Plant Fall Crops Anywhere There is Bare Soil
After your tomato plants are done and your peppers are harvested, cut down the spent biomass to add to your compost. You’ll notice pockets of fall crops and areas of bare soil. Because you’ve cut the spent plants instead of pulling them you still have root biomass feeding the microorganisms and creating humus.
Nature doesn’t like bare soil so she will plant something there, even if a frost is coming the next week. This is the time to add compost and those leaves you’ve raked up in the yard to your beds for weed control and for soil fertility. Some weeds may be covering your soil already but they may not really be weeds.
Purslane is a great ground cover and was brought to the Americas by the British as a salad green. Try it. It’s a succulent with a lemony flavor. But hurry, it’ll be killed with the first frost.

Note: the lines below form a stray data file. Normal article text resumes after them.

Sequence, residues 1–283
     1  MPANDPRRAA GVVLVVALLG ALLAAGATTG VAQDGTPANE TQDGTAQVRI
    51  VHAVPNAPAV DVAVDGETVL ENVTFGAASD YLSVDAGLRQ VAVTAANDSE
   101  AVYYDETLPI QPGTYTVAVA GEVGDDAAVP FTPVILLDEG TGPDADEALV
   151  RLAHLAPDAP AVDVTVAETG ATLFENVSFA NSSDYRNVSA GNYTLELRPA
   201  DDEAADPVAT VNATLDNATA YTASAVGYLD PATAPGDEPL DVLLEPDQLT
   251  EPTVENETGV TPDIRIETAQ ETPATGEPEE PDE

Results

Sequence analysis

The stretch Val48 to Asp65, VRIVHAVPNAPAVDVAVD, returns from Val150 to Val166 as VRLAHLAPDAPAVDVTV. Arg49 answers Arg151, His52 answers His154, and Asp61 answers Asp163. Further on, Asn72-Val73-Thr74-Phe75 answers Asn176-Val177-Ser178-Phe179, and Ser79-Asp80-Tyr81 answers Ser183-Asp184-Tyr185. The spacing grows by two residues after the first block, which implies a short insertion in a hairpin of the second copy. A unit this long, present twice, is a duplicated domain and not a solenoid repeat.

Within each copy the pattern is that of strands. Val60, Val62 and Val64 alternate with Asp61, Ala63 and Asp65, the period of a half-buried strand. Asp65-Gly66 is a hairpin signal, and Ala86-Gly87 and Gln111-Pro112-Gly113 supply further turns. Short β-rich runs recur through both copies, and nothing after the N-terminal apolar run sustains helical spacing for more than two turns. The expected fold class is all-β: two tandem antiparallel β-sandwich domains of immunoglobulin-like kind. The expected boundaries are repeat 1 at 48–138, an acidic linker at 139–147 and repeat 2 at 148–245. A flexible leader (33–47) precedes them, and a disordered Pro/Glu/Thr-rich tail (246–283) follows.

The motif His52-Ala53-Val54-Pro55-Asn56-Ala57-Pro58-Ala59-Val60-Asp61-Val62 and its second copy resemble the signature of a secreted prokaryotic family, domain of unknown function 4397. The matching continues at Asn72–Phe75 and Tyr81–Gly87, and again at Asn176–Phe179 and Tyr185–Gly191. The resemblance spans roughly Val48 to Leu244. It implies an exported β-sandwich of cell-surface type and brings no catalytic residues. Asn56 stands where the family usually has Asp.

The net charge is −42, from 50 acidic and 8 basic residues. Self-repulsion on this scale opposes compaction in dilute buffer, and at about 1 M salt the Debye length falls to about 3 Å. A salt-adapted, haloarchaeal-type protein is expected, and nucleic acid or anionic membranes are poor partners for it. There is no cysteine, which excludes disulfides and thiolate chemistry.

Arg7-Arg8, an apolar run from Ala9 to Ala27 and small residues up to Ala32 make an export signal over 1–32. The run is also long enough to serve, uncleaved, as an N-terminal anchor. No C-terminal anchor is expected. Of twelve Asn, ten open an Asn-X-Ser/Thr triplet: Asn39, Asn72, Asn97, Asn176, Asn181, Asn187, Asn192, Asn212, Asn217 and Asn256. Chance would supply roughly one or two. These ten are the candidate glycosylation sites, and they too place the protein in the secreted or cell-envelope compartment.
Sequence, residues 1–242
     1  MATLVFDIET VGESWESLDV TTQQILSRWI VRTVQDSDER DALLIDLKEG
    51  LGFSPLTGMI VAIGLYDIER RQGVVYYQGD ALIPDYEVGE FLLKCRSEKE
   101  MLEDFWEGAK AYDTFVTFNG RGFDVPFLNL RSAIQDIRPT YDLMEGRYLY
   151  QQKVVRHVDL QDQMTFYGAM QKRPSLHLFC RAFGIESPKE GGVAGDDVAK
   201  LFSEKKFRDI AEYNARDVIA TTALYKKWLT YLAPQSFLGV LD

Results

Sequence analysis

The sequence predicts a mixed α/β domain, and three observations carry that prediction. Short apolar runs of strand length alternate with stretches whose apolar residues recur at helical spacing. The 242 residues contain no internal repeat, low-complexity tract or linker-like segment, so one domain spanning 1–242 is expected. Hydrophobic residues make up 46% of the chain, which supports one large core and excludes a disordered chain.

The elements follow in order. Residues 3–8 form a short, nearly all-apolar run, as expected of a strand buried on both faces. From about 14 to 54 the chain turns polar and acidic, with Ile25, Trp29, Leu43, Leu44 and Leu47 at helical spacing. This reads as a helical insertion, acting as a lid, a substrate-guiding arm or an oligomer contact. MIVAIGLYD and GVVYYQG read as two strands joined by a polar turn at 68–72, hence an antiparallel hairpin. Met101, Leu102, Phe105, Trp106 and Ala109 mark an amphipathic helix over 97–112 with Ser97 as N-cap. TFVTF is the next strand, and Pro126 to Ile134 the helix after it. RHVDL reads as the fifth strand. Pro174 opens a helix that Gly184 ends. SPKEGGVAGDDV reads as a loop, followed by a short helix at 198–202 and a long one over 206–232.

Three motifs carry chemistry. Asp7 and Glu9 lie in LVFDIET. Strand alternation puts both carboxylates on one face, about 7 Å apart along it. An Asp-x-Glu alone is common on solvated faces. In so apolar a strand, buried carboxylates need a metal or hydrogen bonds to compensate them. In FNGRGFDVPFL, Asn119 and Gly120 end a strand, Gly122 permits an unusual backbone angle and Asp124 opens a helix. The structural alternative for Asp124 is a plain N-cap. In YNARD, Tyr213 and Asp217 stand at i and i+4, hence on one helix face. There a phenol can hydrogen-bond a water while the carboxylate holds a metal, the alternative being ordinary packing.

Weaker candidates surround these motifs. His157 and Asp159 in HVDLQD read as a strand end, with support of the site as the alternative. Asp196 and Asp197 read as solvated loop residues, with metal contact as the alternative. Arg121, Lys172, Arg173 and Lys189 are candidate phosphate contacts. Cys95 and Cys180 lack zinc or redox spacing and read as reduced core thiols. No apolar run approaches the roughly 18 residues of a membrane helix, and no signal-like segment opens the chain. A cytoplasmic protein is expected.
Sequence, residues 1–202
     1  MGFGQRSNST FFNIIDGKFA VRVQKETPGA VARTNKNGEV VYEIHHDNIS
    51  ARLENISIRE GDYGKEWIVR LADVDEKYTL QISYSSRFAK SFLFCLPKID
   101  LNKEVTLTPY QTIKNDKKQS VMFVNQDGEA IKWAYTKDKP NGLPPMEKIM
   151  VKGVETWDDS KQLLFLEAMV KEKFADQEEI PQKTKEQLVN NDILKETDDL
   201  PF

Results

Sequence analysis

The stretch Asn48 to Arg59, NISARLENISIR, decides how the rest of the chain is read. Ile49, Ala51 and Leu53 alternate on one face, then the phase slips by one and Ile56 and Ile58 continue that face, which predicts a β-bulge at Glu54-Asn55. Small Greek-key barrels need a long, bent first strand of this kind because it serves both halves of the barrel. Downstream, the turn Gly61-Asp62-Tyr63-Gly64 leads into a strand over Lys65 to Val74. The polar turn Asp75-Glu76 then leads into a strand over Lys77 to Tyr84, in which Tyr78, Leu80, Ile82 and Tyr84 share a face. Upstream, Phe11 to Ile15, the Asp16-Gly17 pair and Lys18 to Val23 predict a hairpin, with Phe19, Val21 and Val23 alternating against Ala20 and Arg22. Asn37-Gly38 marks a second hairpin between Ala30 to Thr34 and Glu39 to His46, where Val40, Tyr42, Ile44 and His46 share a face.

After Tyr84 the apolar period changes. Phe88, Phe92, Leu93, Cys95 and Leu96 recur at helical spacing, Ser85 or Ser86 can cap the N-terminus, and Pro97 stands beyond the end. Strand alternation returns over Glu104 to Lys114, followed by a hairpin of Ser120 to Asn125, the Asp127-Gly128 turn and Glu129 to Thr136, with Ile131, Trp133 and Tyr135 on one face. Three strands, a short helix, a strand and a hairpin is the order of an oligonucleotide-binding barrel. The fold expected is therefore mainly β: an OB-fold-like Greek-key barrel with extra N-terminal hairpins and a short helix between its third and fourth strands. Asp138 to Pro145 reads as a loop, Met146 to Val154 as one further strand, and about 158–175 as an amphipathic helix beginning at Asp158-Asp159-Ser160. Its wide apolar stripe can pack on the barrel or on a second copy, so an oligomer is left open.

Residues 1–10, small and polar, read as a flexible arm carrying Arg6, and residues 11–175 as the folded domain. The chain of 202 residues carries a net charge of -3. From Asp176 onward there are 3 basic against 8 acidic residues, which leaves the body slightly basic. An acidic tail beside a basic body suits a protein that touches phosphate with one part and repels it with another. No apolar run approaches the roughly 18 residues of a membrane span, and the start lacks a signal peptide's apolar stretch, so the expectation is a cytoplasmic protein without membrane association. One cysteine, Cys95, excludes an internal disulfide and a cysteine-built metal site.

If you’ve still got some dandelions around the entire plant is edible, although bitter. The root is a mild laxative and is often found in herbal teas. It was brought to the Americas by Europeans as a medicinal plant.
Letting these edible “flowers” have a place in your fall garden will feed a diverse microbial community and make your meals more interesting.
Summer’s end doesn’t mean putting away your gardening tools. It’s the beginning of a new season of fall crops. Have fun and experiment. For more information on nutritious foods subscribe to our newsletter.